Leasing a Family Pet?

Homes, cars, furniture, and cell phones are all items that people might typically consider leasing. You enter into an agreement and off you go with the item.  But how often have you thought about leasing a pet? Maybe leasing a kitten or a puppy or a full grown animal, has that ever crossed your mind?  Of late, it’s become more of a trend than you can imagine.  It’s now common for companies to offer leasing opportunities to animal lovers who cannot afford the hefty upfront fees.

Now because of the prevalence of these companies, the government has stepped in to protect our rights.  The pet leasing industry is a growing trend that is receiving much scrutiny from New York, California, Nevada, Rhode Island, Massachusetts, and a number of other lawmakers. These companies have also triggered the attention of animal rights organizations such as the ASPCA and the New York State Animal Protection Federation. Why? Because like all business situations, sometimes the consumer must be protected from unscrupulous entities.

The lease agreement generally provides that the lessee or the person leasing the pet makes monthly payments.  Then, at the end of the lease, the lessee has the option to purchase the pet outright.  During the lease period, as with a car, the lessor owns the pet.  During the time the lessor owns the pet, they get to make decisions about the care of the pert, which includes surgeries.  They can also choose to repossess the pet if the lessee doesn’t make payments or is late with payments. 

A Sad Situation for Some.

There are many unfortunate cases where people leasing pets discover the hard way what their contracts really say.  Here is one of many examples. Another instance where a family was required to pay more than double the cost of the pet when choosing the purchase option at the end of the lease.  “One consumer in New Jersey thought she financed a puppy, but ‘Upon receiving this contract by email, I found that it was not a sales financing contract, but rather a lease contract. The price of the dog was $3148.00. However, the end cost was $7619.93, with a $450.00 purchase option at the end of the lease.’”

NBC Nightly News just did a replay of a piece it did years ago, because the issue has become evermore critical. Check it out.

Some Things to Think About

  1. Lease agreements, whether for your car, your house, or your pet, are valid and enforceable agreements.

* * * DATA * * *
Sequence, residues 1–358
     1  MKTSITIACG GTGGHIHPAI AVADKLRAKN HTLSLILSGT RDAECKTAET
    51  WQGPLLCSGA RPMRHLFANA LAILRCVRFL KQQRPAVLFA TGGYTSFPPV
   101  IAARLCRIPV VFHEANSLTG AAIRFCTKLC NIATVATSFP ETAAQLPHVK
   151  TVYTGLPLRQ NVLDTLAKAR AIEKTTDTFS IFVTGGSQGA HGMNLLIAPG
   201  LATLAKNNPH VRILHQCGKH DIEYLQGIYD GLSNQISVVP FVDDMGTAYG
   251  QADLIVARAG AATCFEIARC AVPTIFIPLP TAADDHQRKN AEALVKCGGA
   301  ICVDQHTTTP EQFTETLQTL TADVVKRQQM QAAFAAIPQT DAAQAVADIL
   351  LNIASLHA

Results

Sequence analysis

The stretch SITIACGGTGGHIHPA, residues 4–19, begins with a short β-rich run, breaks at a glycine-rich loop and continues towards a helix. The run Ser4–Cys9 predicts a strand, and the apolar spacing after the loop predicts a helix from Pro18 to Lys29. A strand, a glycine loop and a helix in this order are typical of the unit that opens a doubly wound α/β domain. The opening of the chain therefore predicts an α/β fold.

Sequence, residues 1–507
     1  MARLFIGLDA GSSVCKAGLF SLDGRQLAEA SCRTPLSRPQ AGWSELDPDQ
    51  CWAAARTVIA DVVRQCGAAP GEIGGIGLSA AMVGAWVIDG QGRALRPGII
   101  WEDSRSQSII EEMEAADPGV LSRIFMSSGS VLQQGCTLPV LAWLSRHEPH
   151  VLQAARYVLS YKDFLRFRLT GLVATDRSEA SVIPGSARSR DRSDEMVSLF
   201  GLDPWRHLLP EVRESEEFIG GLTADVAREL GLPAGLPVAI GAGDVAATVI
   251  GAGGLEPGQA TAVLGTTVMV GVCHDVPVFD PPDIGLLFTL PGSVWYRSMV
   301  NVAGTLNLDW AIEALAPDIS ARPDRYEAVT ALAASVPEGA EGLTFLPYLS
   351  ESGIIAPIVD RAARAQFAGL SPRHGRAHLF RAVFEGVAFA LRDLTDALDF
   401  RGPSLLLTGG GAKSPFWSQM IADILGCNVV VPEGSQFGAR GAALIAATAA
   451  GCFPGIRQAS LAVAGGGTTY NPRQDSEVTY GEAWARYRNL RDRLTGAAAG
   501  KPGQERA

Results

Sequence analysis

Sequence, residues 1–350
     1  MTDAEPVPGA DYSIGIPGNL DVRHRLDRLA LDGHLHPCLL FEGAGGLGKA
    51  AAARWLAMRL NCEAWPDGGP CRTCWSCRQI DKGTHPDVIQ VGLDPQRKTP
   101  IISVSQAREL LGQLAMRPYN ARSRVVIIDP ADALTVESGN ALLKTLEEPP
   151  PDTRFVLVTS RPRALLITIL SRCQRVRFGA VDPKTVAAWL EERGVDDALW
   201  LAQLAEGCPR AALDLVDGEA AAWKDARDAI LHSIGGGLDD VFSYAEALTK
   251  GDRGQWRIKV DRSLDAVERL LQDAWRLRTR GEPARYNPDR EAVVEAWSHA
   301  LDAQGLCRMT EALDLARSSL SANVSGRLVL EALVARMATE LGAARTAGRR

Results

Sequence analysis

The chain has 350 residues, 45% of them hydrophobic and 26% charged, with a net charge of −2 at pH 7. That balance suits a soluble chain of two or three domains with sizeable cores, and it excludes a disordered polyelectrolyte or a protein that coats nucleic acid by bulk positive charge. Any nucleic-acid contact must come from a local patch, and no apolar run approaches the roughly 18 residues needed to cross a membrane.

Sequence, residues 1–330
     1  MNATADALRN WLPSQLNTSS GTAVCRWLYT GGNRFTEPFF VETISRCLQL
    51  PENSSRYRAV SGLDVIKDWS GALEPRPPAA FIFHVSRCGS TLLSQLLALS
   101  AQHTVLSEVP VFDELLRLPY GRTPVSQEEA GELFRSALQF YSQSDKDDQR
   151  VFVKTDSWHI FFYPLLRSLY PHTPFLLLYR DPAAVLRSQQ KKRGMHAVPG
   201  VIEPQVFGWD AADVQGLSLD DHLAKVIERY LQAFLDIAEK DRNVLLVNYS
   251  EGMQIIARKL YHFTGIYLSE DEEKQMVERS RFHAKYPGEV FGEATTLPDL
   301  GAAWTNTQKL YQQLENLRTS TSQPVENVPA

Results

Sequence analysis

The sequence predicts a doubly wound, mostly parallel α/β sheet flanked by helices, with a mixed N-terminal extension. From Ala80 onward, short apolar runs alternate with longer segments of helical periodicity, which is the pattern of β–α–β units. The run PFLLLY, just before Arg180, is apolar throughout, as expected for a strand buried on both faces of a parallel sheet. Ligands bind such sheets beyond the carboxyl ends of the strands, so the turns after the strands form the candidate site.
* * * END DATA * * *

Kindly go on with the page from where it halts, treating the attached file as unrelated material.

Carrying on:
2. That means these contracts should be read carefully.
  3. That means you should understand the terms before agreeing to them. Don’t just assume you “Got it!”
  4. Ask questions BEFORE signing.
  5. Know that once you agree to the terms, you are liable for what they state.
  6. Consider having competent legal advice to review the agreement to help you understand what you are getting into.
  7. Competent legal advisor means a lawyer who not only works with business contracts, but understands the current state of the law. Your criminal lawyer, your personal injury lawyer, nor your cousin Vinny fall into the category of competent to advise you here.

Not Just About Leasing

Full time faculty member at Marquette University Law School, Professor Melissa Love Koenig a number of years ago interviewed veterinarian and lawyer, Dr. Mary Greer about dog contracts. Dr. Greer states,

“A contract for the sale of an animal can be complicated. Positive communication and decision making early in the negotiation process are important for establishing a good relationship between a breeder and a potential owner. A contract for an animal creates a three-way relationship for the animal, the new owner(s), and the breeder(s). People’s emotions, as well as the dog’s well-being, are at stake. When done right, lifelong friendships can result. While this blog is not intended to provide legal advice, my questions and Dr. Greer’s answers are designed to give a reader a sense of the things the parties need to consider when contemplating the purchase of a dog.”

Francine D. Ward
Attorney-At-Law, Author, Speaker

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